If it is not my job to eradicate my negative experiences or my negative behaviors, this frees up so much of my energy. I can get out of my way and be more open to the infinite intelligence behind life -- my formless spiritual nature. Letting myself be is a form of surrendering to my true self. I know that the deeper I experience those qualities the easier it will be to let go of anything that is not that.
But I can't fake it. I can't tell myself to let go of judgment intellectually. I can only genuinely let it go when I see the judgment no longer makes sense. This is not prescriptive. It is a description of what happens when we see the judgment is untrue. When I am volunteering in prison and hear the inmates share their stories and why what they did made sense at the time, I feel no judgment because I can see they were doing the best they could at that moment with the understanding they had. Yet it is easy to forget this with respect to myself. When I yell at one of my daughters or am unkind to my husband, it can be much harder for me to have perspective and see that was my best at that moment.
However, this applies to all of us. No matter what our level of functioning or what our behavior, whether it meets our expectations for ourselves or not. We are each one of us doing the best we can with the understanding we have. If that includes me being controlling, irritable, picking my skin, or some other of my weaknesses, so be it. End of story. I don't need to make it mean anything. The love and understanding of my true nature will ultimately help me stabilize. I don't need to add on suffering to my messy self. I may even be able to feel compassion or kind-hearted amusement at my foibles.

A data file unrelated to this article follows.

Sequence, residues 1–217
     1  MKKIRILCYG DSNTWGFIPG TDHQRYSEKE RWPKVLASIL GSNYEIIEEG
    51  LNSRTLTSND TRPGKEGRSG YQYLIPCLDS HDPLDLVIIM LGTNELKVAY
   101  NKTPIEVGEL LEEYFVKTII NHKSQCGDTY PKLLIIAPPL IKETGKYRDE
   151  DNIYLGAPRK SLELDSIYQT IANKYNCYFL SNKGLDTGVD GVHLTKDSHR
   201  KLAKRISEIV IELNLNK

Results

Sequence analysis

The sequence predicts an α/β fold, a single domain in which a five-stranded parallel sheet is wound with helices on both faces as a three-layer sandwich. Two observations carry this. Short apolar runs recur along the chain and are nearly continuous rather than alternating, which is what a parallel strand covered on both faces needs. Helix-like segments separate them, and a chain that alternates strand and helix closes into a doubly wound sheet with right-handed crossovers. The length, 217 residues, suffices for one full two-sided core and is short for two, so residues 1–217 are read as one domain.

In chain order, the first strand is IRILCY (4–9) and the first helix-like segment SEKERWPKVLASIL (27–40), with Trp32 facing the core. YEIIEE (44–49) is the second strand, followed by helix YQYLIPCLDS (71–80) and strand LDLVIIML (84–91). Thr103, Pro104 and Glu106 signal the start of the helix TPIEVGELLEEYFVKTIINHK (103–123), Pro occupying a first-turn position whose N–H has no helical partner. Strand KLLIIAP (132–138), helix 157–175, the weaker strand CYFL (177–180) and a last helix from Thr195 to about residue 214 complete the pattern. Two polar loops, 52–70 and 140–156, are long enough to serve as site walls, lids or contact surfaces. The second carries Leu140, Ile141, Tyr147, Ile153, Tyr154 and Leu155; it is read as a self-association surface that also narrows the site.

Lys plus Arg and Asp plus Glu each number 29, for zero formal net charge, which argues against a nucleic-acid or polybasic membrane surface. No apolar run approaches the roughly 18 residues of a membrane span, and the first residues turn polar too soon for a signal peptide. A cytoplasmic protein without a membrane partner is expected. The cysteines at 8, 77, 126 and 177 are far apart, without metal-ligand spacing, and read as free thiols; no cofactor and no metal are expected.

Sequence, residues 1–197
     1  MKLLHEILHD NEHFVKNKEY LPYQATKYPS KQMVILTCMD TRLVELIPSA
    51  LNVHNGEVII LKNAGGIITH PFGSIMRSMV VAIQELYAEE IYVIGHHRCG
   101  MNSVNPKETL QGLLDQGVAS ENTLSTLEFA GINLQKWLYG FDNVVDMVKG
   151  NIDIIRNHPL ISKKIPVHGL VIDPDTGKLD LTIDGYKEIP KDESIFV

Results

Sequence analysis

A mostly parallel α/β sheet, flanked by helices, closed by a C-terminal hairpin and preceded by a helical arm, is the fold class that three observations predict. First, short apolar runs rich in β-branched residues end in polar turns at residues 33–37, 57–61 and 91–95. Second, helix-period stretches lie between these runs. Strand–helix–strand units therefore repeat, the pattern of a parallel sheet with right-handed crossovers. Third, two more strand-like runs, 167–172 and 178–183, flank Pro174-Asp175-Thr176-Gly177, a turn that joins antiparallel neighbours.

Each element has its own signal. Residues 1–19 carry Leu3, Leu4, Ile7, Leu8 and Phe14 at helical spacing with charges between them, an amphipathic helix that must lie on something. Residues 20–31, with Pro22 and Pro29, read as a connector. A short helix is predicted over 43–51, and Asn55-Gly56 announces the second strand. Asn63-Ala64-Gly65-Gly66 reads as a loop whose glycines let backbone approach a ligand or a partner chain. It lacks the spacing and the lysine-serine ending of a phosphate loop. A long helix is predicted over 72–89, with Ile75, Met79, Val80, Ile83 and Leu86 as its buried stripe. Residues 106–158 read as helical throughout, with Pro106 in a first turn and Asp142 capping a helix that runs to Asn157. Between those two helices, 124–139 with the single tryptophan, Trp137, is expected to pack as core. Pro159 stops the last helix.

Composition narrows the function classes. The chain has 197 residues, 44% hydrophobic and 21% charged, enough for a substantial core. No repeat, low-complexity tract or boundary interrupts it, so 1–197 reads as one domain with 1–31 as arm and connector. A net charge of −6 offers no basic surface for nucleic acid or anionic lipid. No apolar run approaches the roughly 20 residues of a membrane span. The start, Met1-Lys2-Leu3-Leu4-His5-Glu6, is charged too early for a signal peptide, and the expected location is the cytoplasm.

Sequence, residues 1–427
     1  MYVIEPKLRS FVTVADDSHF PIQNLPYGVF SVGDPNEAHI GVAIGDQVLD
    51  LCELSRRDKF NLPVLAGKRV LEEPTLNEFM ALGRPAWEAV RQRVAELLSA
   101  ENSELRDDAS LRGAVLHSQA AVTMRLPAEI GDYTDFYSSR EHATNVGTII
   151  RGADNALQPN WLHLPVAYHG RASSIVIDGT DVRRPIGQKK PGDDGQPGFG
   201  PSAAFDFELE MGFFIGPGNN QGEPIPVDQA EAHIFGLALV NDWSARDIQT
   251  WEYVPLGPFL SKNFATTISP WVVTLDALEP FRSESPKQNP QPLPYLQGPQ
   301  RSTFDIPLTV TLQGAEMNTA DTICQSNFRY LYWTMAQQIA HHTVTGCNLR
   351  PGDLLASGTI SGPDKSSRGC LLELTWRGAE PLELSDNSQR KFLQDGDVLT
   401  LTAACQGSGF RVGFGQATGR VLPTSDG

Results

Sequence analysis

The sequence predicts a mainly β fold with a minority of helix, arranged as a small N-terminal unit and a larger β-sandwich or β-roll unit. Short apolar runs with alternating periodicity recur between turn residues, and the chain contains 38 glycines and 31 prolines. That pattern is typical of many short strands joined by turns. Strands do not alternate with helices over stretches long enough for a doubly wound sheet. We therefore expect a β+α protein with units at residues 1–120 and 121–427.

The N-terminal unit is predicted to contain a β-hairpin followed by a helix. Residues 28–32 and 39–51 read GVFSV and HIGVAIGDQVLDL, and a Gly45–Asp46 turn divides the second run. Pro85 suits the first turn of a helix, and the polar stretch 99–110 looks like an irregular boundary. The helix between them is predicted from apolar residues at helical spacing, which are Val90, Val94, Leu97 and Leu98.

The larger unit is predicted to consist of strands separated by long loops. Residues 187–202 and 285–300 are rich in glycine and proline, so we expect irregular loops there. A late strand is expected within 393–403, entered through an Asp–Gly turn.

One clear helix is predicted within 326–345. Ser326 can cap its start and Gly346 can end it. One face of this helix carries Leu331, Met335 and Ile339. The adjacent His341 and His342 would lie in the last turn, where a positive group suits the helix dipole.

Ultimately kindness is the water I want to be bathing in when I am having a hard time. I cannot force myself to have more understanding that I do. I can't make myself get ungripped from negative thoughts, but I can see it is not a problem and be gentle with myself when it happens. May you experience the kindness of your heart more fully as you navigate the richness and range of your human experience.
Rohini Ross is co-founder of “The Rewilders.” Listen to her podcast, with her partner Angus Ross, Rewilding Love. They believe too many good relationships fall apart because couples give up thinking their relationship problems can’t be solved. In this season of the Rewilding Love Podcast, Rohini and Angus help a couple on the brink of divorce due to conflict. Angus and Rohini also co-facilitate private couples' intensives that rewild relationships back to their natural state of love. Rohini is also the author of the ebook Marriage, and she and Angus are co-founders of The 29-Day Rewilding Experience and The Rewilding Community. You can follow Rohini on Facebook, Twitter, and Instagram. To learn more about her work and subscribe to her blog visit: TheRewilders.org.